Other-centered people are incapable of seeing their own needs beyond the needs of others. They are self-sacrificing, while not realizing that's what they are being. They are the easiest people to take advantage of. One negative comment can reel them into a state where they think they need to self-correct into being more self-sacrificing. They are targets of gas-lighters and generally narcissistic individuals. Even self-centered individuals will unknowingly take advantage of someone who is other-centered.
Churches all over the world abuse these people. Yes, I wrote abuse. Other-centered people are generally natural caregivers, and are drawn to social service organizations and projects. Because of their inability to see their own needs, it's super easy to overburden their lives with projects. These people burnout and then they think it's their fault they burned out. The Church then isn't there to help them when they are the one in need. They find other other-centered people to take the burned out person's place and the cycle begins again.
Selfless people, conversely, are people who see and know their own needs and still give of themselves for the sake of others. These people know when to stop being selfless to meet their personal needs and keep going later. Churches get uptight and angry when a selfless person finally says no, and a healthy selfless person will see those uptight and angry reactions as the unhealthy situation it is.
Am I laying this out clear enough? This is how Churches all over the world have broken: By taking advantage of other-centered people, and attempting to take advantage of selfless people. It very dangerous because it looks righteous, when it's only taking a righteous cause and uses it like a weapon.
Charity When Weaponized
Yes, it is completely possible to do the right think in the wrong way.
Bach wrote epic music on an ivory keyed piano, but that black rhino still died to make those keys.
Yes, it's good to give stockings to lower income families during Christmas, but those stockings are still filled with toys made overseas by slave labor.
And finally Church. Food pantries, clothes closets, and mission fields are filled with other-centered people who burnout and hurt all the time.
We've got a problem church! A much bigger problem than can be solved by simply trying worship around a kitchen table instead of a sanctuary. No one trusts us anymore, and for good reason. I feel like Alice having entered Crazy Town Wonderland, and everyone is talking nonsense and patting themselves on the back like it all makes sense when it doesn't!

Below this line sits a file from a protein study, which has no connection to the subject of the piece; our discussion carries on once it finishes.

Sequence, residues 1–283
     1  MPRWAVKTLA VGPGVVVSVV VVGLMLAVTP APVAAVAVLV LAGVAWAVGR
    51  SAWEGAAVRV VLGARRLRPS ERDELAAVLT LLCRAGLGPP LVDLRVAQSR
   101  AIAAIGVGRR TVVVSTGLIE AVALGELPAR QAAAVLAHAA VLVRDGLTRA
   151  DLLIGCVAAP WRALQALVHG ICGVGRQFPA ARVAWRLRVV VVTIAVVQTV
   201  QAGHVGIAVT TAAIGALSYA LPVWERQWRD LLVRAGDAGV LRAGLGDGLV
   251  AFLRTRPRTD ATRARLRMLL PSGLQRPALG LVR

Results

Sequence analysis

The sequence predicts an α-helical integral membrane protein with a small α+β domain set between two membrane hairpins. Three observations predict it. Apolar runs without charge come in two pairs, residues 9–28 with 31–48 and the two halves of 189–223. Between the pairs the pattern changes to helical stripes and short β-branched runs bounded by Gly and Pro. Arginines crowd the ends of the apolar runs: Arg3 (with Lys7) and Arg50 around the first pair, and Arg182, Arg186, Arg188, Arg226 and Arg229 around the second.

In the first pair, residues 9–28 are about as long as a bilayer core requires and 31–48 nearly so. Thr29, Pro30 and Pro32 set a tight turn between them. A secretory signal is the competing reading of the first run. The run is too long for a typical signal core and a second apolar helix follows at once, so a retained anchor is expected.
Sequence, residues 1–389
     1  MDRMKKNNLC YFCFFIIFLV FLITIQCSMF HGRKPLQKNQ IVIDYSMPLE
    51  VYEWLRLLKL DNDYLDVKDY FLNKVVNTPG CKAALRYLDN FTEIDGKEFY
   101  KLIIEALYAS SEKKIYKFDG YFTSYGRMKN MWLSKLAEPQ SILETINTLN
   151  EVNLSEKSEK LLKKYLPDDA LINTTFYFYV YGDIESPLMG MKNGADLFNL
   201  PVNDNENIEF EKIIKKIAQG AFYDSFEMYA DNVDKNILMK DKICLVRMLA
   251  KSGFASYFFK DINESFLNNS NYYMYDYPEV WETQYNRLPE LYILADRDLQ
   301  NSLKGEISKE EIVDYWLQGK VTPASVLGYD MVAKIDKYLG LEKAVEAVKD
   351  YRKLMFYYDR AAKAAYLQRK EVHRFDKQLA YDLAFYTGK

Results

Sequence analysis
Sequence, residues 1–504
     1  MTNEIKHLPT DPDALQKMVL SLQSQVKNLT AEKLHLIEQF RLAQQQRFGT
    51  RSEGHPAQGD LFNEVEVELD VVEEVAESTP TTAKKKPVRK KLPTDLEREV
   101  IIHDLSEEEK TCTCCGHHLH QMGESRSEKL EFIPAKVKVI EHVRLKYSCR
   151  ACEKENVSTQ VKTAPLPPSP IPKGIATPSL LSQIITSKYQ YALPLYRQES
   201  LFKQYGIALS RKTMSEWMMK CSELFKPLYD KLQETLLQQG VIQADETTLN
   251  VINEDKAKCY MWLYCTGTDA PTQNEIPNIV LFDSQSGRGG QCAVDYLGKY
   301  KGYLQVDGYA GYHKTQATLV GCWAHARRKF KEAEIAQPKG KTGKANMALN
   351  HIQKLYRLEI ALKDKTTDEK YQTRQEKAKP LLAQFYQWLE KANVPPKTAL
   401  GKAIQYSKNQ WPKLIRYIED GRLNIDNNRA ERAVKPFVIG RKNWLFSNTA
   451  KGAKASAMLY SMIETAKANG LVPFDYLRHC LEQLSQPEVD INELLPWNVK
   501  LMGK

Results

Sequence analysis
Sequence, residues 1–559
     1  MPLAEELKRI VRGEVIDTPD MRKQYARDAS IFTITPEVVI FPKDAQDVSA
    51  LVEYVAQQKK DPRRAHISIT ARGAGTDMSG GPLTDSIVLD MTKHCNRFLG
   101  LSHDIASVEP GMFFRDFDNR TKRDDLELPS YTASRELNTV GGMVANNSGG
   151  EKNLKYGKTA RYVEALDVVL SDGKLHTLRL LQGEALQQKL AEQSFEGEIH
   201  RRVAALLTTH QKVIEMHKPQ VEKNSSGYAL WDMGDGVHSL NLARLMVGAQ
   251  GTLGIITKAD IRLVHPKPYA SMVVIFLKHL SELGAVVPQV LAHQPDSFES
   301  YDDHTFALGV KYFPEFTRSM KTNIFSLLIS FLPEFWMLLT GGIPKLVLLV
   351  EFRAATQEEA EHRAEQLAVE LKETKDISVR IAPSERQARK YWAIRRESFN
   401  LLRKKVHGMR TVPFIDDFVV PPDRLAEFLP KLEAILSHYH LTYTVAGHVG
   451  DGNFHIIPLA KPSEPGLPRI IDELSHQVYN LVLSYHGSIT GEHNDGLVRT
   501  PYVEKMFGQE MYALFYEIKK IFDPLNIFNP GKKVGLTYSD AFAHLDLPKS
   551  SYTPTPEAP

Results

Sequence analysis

Charity is weaponized when other-centered people are abused into working to meet the need, or the need itself is not really met to make people outside that need feel good about themselves. Either it's selfish people taking advantage of other-centered people, or it's selfish people making themselves feel good instead of really meeting the need. In any case, no matter how charity has been weaponized, selfish takes the place of selfless. Selfish is always the culprit.
A Note On The Giving Tree
I have been witness to multiple churches pulling out The Giving Tree to discuss charity. This is the story about a boy and a tree. By the end of the story the boy takes everything from this tree, even her trunk. The point is to see Christ as the tree, and the boy as us. Yet, it usually turns to us needing to be more like the tree.
Don't be the tree.
Don't be the boy.
Don't be this book. This book is a pretty depiction of an abusive relationship. If Christ is truly the Giving Tree, than no wonder we are dying as a Church! We've taken, and taken and taken. We need to start asking, "How can we help you, Christ?" This is an important question to our future, because taking from Christ is literally taking from ourselves. We are the Body of Christ. We are destroying ourselves every time we pull out the hacksaw.
I'm going to wrap this all up with one more post. What does healthy and just charity look like?
-Rev Melissa Fain-
This is related to last week's post, and a larger post about the Seven Virtues. Consider checking those out too if you have time. (Charity is the virtue tied to the deadly sin of Greed.)
Charity is a Double-Edged Sword
Self-Centered Versus Selfish
In April of 2014 I picked up my Common English Bible, my go-to translation, and looked up Romans 8:6-11. I immediately saw the translation team's choice of using "selfish" and "self-centered" interchangeably like they were the the same thing. I have strong feelings about this subject, so if you want more than my TL:DR I'm about to give, click the link and read the whole thing before moving on.
Basically, we are all born self-centered. As we grow we up we reach this moment where we realize the world around us. At that moment we can become selfish or selfless. Self-centered people are not selfish. They don't get how their actions are helping or hurting the world around them, because they cannot see beyond themselves. There's something magical about this time in our lives. We are like Adam or Eve in the garden. Living in ignorant bliss. Then, like Adam and Eve they eat from that tree of knowledge, and know.
What we do with that knowledge sets the tone for how we act as adults.
Selfishness Does Not Equals Greed.
There will always come a time when selfishness is necessary for our survival. It's healthy when our selfishness is life-giving. It's okay to tell a group that you can't do something because you truly don't have time, or your focus has to be spent on something else.
You are a living machine, meant to work continuously for 80+ years. That's a very long time for one machine to work without stop. Christians are called to see the need in the world and meet it, but it's impossible to meet that need if we can't even meet our own needs. It is not greedy to engage in self-care. It can be selfish, but we need to de-stigmatize that word when it comes to healthy selfishness.